That might change soon. A trio of private equity funds are weighing bids for Solera Holdings that would value the company at over $6bn including debt, according to usually well informed people. Read more
Jennifer Hughes in Hong Kong
And then there was $29bn in frozen capital.
When we last calculated the equity value of long-suspended Hong Kong stocks in July, it came to just $12bn. News from the biggest of the new entrants to the HK freezer is not exactly lifting the tone of the group, either. Read more
It’s kinda an August tradition, even for Bryce and Murphy…
There’s no Markets Live until Tuesday, 24/8. (Unless something dramatic happens in the meantime.) Read more
Statement from AIM Regulation on Quindell PLC
AIM Regulation supports and welcomes today’s statement from the Financial Reporting Council regarding its review of Quindell plc’s (QPP.L) annual reports and accounts,…
UPDATE: Yanis also approves this statement “on the FinMin’s Plan B Working Group & the parallel payment system” which includes such lines as “Ever since Mr Varoufakis announced the existence of the Working Group, the media have indulged in far-fetched articles that damage the quality of public debate.”
— OMFIF (@OMFIF) July 27, 2015
Statement from Pearson:
Pearson is today announcing that it has agreed the sale of FT Group to Nikkei Inc. for a gross consideration of £844 million, payable in cash.
In which Lisa returns to our pixels… via the 16th annual conference of the European Spreadsheet Risks Interest Group, naturally:
Apple disappointed investors despite a surge in China, as sales of its flagship iPhone fell short of high Wall Street expectations. The world’s most valuable company saw $66bn sliced off its market valuation as investors closed positions, sending shares more than 7 per cent lower.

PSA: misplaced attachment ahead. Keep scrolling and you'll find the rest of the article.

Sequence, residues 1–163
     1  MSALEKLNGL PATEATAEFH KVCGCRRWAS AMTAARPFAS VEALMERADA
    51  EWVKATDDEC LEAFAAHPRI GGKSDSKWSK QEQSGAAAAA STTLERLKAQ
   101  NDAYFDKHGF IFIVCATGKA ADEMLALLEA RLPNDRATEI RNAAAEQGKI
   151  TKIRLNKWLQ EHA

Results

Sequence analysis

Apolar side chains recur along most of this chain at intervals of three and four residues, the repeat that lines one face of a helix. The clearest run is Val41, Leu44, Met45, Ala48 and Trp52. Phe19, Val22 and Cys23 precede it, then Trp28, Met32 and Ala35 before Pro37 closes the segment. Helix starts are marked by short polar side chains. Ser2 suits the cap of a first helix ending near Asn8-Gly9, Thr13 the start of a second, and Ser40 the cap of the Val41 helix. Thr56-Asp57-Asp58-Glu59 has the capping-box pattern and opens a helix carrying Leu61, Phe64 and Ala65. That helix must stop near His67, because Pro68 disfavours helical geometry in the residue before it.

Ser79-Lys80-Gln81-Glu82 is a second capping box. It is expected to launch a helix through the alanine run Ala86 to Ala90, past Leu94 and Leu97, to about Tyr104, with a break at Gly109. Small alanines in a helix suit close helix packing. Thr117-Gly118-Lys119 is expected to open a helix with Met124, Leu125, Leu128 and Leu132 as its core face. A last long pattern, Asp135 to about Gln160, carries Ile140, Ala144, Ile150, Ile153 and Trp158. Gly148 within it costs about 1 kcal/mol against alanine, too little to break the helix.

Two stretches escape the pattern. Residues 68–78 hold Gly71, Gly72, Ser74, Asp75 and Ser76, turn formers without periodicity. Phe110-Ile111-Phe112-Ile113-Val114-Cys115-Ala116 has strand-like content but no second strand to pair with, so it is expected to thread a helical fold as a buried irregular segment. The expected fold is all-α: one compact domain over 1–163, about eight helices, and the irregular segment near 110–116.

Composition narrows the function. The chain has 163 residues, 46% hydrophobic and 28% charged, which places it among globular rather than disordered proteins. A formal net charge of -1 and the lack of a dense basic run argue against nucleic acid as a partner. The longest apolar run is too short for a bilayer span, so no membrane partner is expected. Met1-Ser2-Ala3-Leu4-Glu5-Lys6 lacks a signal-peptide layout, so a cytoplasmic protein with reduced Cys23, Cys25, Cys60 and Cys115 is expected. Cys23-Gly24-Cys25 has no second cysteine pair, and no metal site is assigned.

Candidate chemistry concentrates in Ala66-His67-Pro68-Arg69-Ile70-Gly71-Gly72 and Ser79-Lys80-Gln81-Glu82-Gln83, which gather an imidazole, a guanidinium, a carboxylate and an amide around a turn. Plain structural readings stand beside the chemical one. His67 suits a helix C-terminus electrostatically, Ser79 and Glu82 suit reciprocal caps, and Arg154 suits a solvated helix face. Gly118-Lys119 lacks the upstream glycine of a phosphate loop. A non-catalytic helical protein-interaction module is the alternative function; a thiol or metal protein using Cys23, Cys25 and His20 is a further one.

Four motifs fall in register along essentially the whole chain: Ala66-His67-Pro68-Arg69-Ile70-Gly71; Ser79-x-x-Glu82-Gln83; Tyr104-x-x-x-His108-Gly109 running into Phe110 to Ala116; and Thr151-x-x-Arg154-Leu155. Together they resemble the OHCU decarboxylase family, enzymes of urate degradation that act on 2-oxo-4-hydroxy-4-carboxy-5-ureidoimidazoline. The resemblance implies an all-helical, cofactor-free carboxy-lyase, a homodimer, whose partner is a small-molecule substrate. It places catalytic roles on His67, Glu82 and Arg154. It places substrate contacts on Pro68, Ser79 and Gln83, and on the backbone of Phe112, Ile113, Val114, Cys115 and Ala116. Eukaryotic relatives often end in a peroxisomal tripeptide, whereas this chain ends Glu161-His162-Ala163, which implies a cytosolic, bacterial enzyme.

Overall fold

The company’s third-quarter revenues were ahead of analyst forecasts, rising 33 per cent year on year to $49.6bn, while earnings climbed 45 per cent to $1.85 a share. Apple sold 47.5m iPhones in the period, shy of Wall Street targets for 49m, although the average selling price of $660 suggested that consumers were taking to the larger 6 Plus model.
Although the company did not break out sales figures for its new Watch, finance chief Luca Maestri said that sales in the first nine weeks had out-gunned that of the original iPhone and iPad at the same point after their respective launches. (FT)
In the news Read more
Greek banks opened for the first time in three weeks on Monday in an attempt to bolster savers’ confidence in the country’s crippled lenders. However, with Greece down to its last EUR1bn in available cash last week, potential bail-ins of depositors and loan defaults could still lie ahead.
There are also questions over whether the stock market will remain closed. Staff at the Athens bourse are at work, waiting for a decision from the Ministry of Finance as to whether it will extend its cautious relaxation of capital controls. (FT)
In the news Read more
Alexis Tsipras, Greece’s prime minister, appears to be preparing the nation for a snap general election this autumn after carrying out a government reshuffle that removed dissident ministers from his leftist Syriza party. The changes mean that Mr Tsipras now controls a cabinet more loyal to him and more committed to his path of adopting economic reforms demanded by Greece’s eurozone creditors in return for a new rescue deal worth up to EUR86bn.
Meanwhile Angela Merkel, the German chancellor, said that while discussions to ease debt repayment terms are an option if Athens complies with the conditions of a third bailout, Greece cannot receive a debt writedown as a member of the eurozone. A Grexit remains a strong possibility, writes the FT’s Wolfgang Münchau. (FT)
In the news Read more